Johann Sebastian BACH (1685-1750)
Concerto for Two Violins in D minor, BWV 1043 (1717-1723) [14:37]
Violin Concerto in E major, BWV 1042 (1720?) [15:04]
Invention in C major, BWV 772 (1723) [1:18]
Violin Concerto in A minor, BWV 1041 (1720?) [13:25]
Alfred SCHNITTKE (1934-1998)
Concerto Grosso No. 3 (1985) [22:19]
Johann Sebastian BACH

Invention in F major, BWV 779 (1723) [1:00]
Deborah Nemtanu (violin, viola); Sarah Nemtanu (violin)
Orchestre de chambre de Paris/Sascha Goetzel
rec. Salle Colonne, Paris, France, 2014
NAÏVE V5383 [68:00]
There have been a multitude of recordings of the Bach violin concertos, but none to my knowledge that also contained Schnittke’s Concerto Grosso No. 3. This disc is also unique in its pairing of two sisters playing these works. Sarah and Deborah Nemtanu clearly know their way around these concertos and are well matched in the D minor work. My standard for these particular masterpieces has been the period instrument recording by Andrew Manze and Rachel Podger with the Academy of Ancient Music on Harmonia Mundi. Although the Nemtanus and Orchestre de chambre de Paris under Sascha Goetzel use modern instruments and play at standard pitch, they have apparently learned a great deal from historically informed practice in their pacing and discreet use of vibrato. Overall, I would say the Nemtanus seem more relaxed than Manze/Podger and warmer in their approach to the Double Concerto. Deborah Nemtanu, who plays the second part, has a viola-like tone in her lower register that is really quite lovely.

For the solo concertos I compared the Nemtanus with both the period Manze performance and the “modern” one from Anne-Sophie Mutter with the Trondheim Soloists on a DG disc that also contains her authoritative account of Gubaidulina’s In tempus praesens. What I found was rather unexpected, particularly in the A minor Concerto. There Mutter seems closer to Manze, except for the difference in pitch, while Deborah Nemtanu is heavier and more deliberate in her interpretation. Mutter, in fact, is very stylish and refines her tone to suit the Baroque nature of the work. Only in the slow movement is Nemtanu slightly faster than the others. She plays very sensitively here with little, but occasional, vibrato and she has a rich, dark tone that is beautiful. On the other hand, Mutter is much more traditional in the E major work and plays with a fuller tone than the others. Her second movement Adagio e sempre piano is really too slow and becomes tiresome as compared to Sarah Nemtanu. Nemtanu shaves almost two minutes off Mutter’s timing, while Manze is more than a minute faster than Mutter. In the last movement Mutter is light and breezy, quite the opposite of her approach to the other movements. Both Nemtanu and Manze are stylish in their respective accounts of the E major Concerto. Nemtanu’s tone in the first movement is light and sweet and she brings out the dance-like character better than Manze. In the slow movement it is very much a draw, but in the finale Nemtanu sounds rushed and heavier next to Manze and Mutter even though the three timings almost identical. The four violinists bring something individual to these concertos and technically they are all above cavil.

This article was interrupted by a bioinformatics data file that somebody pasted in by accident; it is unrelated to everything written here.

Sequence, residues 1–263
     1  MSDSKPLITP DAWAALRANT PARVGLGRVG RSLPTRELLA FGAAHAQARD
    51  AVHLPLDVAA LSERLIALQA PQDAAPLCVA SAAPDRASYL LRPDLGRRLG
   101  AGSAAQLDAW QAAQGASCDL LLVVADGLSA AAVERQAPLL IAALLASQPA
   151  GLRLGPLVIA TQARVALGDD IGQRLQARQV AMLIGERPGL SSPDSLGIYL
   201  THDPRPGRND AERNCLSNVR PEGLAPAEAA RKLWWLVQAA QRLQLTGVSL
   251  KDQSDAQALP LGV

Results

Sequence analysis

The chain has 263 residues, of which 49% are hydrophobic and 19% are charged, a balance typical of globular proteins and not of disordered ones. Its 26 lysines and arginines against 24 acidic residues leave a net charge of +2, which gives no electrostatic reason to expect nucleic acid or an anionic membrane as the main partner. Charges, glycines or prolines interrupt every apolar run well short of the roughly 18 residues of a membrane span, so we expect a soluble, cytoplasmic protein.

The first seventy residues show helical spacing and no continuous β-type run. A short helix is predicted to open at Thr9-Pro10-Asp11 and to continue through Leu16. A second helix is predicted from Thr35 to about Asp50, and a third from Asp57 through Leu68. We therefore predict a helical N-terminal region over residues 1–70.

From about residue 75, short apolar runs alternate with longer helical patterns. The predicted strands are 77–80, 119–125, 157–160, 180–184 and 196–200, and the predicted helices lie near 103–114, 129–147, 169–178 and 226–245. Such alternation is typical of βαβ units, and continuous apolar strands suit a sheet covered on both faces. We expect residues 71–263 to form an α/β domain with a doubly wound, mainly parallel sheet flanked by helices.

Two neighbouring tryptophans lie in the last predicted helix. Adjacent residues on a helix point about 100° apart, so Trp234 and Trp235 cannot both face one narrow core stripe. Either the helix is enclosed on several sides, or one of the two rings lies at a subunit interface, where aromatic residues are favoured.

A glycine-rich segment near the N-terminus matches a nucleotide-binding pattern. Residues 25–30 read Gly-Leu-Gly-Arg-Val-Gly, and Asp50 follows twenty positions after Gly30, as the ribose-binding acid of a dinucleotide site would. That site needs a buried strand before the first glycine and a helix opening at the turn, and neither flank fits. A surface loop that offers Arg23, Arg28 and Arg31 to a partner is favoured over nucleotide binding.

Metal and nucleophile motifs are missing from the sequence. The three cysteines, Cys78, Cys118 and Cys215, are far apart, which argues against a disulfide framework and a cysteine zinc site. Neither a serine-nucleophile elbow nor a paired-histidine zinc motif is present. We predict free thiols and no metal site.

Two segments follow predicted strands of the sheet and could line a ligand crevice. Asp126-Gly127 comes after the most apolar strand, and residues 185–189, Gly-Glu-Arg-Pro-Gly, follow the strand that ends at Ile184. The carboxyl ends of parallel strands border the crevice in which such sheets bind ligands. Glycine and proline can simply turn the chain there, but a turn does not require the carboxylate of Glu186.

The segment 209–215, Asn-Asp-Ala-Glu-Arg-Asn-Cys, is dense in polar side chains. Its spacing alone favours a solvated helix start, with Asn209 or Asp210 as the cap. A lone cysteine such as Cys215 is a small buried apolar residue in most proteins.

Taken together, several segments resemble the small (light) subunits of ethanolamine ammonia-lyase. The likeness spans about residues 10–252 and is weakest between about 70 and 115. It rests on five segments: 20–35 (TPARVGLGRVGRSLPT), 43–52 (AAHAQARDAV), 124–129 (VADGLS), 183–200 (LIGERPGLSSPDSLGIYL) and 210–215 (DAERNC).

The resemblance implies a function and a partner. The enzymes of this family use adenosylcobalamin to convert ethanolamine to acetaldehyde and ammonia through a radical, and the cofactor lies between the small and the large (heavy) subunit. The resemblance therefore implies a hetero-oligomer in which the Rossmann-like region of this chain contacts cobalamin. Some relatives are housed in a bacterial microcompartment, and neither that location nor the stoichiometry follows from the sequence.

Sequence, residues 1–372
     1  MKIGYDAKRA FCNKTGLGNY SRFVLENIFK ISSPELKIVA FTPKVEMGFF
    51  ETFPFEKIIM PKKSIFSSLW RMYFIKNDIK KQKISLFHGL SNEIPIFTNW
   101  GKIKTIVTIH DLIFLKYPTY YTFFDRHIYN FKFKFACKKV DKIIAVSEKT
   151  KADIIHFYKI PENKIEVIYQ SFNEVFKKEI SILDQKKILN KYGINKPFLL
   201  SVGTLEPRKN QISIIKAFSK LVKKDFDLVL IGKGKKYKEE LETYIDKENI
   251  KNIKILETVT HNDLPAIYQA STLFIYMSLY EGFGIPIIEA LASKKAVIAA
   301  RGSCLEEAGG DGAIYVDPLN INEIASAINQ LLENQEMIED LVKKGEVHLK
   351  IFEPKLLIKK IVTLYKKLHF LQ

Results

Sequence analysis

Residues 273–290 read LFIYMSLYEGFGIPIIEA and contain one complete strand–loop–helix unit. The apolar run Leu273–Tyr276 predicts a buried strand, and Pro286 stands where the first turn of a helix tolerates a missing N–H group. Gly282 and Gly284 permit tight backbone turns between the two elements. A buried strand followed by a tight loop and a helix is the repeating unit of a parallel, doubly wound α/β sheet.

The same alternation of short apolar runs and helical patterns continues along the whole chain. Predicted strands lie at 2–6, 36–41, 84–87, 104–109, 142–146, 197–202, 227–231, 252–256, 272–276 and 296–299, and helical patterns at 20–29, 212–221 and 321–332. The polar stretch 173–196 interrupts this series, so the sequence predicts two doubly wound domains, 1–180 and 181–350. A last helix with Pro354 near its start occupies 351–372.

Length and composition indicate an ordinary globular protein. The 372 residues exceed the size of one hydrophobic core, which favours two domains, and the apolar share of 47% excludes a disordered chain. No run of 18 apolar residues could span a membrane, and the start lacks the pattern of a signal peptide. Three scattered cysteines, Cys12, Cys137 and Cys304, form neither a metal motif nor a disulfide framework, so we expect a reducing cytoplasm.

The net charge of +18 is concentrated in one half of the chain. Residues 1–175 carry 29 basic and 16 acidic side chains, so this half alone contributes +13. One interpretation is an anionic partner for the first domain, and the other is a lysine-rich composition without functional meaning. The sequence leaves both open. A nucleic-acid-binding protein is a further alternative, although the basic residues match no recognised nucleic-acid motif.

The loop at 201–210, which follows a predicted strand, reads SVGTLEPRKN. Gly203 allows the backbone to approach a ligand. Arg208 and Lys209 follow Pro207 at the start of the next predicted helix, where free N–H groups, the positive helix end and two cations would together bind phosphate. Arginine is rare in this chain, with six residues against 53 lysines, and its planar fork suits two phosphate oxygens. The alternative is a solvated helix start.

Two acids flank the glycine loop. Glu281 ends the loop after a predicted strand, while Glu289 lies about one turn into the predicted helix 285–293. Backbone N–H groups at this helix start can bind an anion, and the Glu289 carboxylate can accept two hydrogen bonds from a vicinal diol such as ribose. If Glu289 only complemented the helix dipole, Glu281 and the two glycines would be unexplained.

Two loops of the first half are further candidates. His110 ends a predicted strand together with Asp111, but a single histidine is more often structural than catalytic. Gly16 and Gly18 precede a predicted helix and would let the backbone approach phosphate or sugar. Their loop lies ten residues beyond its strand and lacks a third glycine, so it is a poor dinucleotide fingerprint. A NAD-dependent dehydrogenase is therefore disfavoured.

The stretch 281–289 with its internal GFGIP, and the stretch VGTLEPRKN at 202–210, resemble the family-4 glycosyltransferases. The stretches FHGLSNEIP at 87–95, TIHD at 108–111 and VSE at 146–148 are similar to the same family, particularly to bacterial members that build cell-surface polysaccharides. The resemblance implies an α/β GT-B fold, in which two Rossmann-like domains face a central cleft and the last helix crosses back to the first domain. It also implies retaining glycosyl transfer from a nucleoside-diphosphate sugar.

The two little Inventions add a nice touch to the programme and the Nemtanu sisters balance each other very well. What makes this disc especially valuable, though, is the inclusion of Alfred Schnittke’s Concerto Grosso No. 3 for two violins, harpsichord and strings. The title may seem a bit misleading in that the work also contains parts for piano, celesta and tubular bells. The solo violins play a prominent role throughout the work, but it is indeed a concerto grosso and not a solo concerto. It is an appropriate disc-mate in that it begins like some off-key Bach concerto for less than a minute before hitting a loud, dissonant chord, after which it winds down to the very depths of the orchestra. This is Schnittke, the polystylist, at work. The second movement contains Bachian rhythms until it turns wild with the string themes accompanied by piano chords. Here it reminded me of Ligeti. After these “manic” movements, the concerto becomes rather “depressive.” The third movement, marked Pesante, is mysterious and sad. The mood of mystery continues in the fourth movement with its particularly prominent solo violins until it reaches a scream of anguish. The last movement is also mysterious, but calmer. The celesta has a significant role, sounding especially ethereal against pizzicato and bowed strings. The movement continues with pizzicato strings that sound like some celestial clock and ends with a harpsichord cluster. This was my first exposure to the concerto and I was quite taken by it. As its recorded competition is very slim, it is good to have a new account of it and one that is well performed by the Nemtanus and Orchestre de chamber de Paris.

For the Bach concertos, this disc does not sway my allegiance from Manze’s CD. I also have affection for Mutter’s account of the A minor Concerto. Nevertheless, these are attractive performances, and the addition of the Schnittke makes this new CD quite a draw.

Leslie Wright

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